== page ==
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Actually in Cyprus the British ARE the UN in terms of patrollingthe Green Line. It would in fact be entiely possible for them to withdraw to the bases and let the two sides get on with it. The bases there have very little stategic importance but do make considerable contributions to the Cypriot economy both directly and by  increasing tourism.

The problem with the aquis compliance is the question of the rights of the northern Cypriots who do not have right of abode in the south. As you rightly state, in international law northern Cyprus has no legal status and therefore the citixens are EU citixens (although arguably the Turkish immigrants since the invasion and their children do not have this status). As full compliance with the aquis is required before admission, the Cypriot government have breached those terms and therefore they have breached treaty requirements.

The Greek Cypriot government most certainly were obstructive in the negotiations which is why the final compromise was not to their liking. As you seem to have bought in entirely to their propoganda on this, it is probably unproductive to argue the toss on this point much further.  

YOu make the point that the referendum result in the south should be respected. The same could well be said of the north which voted for the agreement. There are huge outstanding problems of residence and property rights than need to be resolved. The northern population had reservations about the the final outcome and  how it would work in practice. They were willing to put aside their worries and take what was a real risk. The south, as you indicate, quibbled and wanted  every i dotted and t crossed in the agreement when these could have been resolved after a yes vote.    

by Londonbear on Wed Jun 15th, 2005 at 08:58:57 AM EST
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We have to disagree on the strategic importance of the bases. I would point you to the Downing Street Memos, which in 2002 underlined the importance of the bases. The invasion of Iraq pinpointed Cyprus as one of the two most important bases for its execution. Many military commentators have oft-cited Cyprus' military strategic benefits for its proximity to the Middle East (a stone's throw away).

You are mistaken about the Annan plan. I suggest you look up the terms. It's the Greek Cypriots who would absolutely love full compliance with the Acquis Communitaire. If the EU and UN would grant them that, they would have signed on 40 years ago. In fact, the Greek Cypriots agreed to much less than the rights granted to all other EU members, when they accepted less property rights and restrictions on freedom of movement and work privileges in Annan 3. Annan 5 went much further in violating the Acquis Communitaire, and for that reason it was rejected.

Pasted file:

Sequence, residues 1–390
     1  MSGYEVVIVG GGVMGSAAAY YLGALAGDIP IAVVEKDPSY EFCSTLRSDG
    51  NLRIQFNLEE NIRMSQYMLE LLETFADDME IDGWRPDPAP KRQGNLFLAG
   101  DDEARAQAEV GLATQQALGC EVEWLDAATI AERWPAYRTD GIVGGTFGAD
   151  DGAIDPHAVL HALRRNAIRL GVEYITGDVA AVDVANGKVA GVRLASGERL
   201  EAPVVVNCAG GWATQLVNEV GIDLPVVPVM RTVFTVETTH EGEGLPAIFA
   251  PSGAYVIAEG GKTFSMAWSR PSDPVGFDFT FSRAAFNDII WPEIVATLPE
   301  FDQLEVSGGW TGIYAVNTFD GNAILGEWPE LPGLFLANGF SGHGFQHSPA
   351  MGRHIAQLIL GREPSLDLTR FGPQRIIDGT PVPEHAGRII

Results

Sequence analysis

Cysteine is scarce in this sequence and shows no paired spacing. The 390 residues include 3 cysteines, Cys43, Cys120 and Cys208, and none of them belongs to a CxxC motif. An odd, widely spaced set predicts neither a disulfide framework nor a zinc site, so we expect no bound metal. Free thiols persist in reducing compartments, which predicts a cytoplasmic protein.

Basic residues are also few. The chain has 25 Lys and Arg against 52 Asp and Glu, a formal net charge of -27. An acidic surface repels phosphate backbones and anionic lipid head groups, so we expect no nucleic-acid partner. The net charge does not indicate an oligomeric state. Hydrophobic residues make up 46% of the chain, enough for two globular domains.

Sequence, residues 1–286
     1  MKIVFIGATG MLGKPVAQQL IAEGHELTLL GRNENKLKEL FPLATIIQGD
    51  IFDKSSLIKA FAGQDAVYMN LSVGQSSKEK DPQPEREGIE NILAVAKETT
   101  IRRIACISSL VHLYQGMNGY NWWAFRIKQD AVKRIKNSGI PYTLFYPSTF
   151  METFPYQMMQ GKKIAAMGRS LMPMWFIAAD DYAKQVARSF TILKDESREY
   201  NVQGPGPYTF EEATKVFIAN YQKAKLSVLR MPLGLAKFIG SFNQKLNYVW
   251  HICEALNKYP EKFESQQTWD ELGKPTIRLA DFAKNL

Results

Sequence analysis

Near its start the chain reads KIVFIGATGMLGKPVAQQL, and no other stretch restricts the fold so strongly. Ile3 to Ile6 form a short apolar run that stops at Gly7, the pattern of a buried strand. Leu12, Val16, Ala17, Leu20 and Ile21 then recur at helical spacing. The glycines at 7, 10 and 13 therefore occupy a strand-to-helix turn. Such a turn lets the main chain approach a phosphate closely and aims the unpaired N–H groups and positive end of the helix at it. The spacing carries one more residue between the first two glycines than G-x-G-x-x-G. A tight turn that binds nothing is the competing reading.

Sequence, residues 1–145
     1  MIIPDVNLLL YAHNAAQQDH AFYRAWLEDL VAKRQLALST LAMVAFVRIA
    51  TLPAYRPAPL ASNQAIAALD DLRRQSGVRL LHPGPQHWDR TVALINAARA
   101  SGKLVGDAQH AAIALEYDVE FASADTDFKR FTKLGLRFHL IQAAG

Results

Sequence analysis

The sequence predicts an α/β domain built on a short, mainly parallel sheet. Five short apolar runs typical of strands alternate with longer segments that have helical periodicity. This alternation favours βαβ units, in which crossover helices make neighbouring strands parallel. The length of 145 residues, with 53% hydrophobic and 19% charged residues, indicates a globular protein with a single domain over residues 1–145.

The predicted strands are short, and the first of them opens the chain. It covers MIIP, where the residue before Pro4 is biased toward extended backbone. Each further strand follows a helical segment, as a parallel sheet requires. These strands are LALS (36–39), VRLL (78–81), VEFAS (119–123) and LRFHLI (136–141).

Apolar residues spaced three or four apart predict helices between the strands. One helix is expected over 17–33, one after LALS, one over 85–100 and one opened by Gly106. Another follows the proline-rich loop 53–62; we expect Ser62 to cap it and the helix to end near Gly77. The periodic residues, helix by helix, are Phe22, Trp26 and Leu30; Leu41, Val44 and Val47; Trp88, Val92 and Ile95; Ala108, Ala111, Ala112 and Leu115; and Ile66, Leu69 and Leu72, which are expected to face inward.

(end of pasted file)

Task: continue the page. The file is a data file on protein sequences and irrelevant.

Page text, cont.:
In point of fact, the property controversy in Cyprus mainly addresses the loss of Greek Cypriot property in the North after the Greeks were removed from the north by the Turkish Army in 1974. See the Loizidou case in the European court of Human Rights which ruled in favor of a private citizen regaining her property rights. For its part, the Cypriot gov't has stated that Turkish Cypriots can regain their properties in the south upon unification. This is part of the Annan plan. They can move south. That same right is not given to 50% of the Greek Cypriots who own land in the North. Only 50% will be reimbursed and/or retain the property rights.

I'm afraid you have the positions of the North and South exactly reversed.

Can you be specific about the compromises that you are referring to in Annan 5? Let's cut to the chase and talk about specifics. You say the Greek Cypriots did not like the final compromise. What did Turkey compromise on? What was not to the Greek's liking?

Your last paragraph is a good one. Since the actual Annan 5 agreement violated the Acquis Communitaire, no one actually knows how much of it would have stood the test of time, given the legal ramifications of joining the EU. It could be the Greek Cypriot side erred, and that had they accepted it, the Annan 5 plan would have been null and void regardless. However, it's clear the Greek Cypriots were not very willing to take that risk. If I lived on the island, I'm not sure I would have. Even clearer, given last week's referendums in France and Holland, there is no longer any guarantee that Turkey is bound to join the EU, and thus the requirement for Turkey to ascribe to EU laws isn't a strong stick either. They might have insisted on the Anti-EU provisions of Annan 5 regardless. Obviously, Turkey, if it were to remain a non-EU entity, would not have to attend to EU laws.

by Upstate NY on Wed Jun 15th, 2005 at 10:16:08 AM EST
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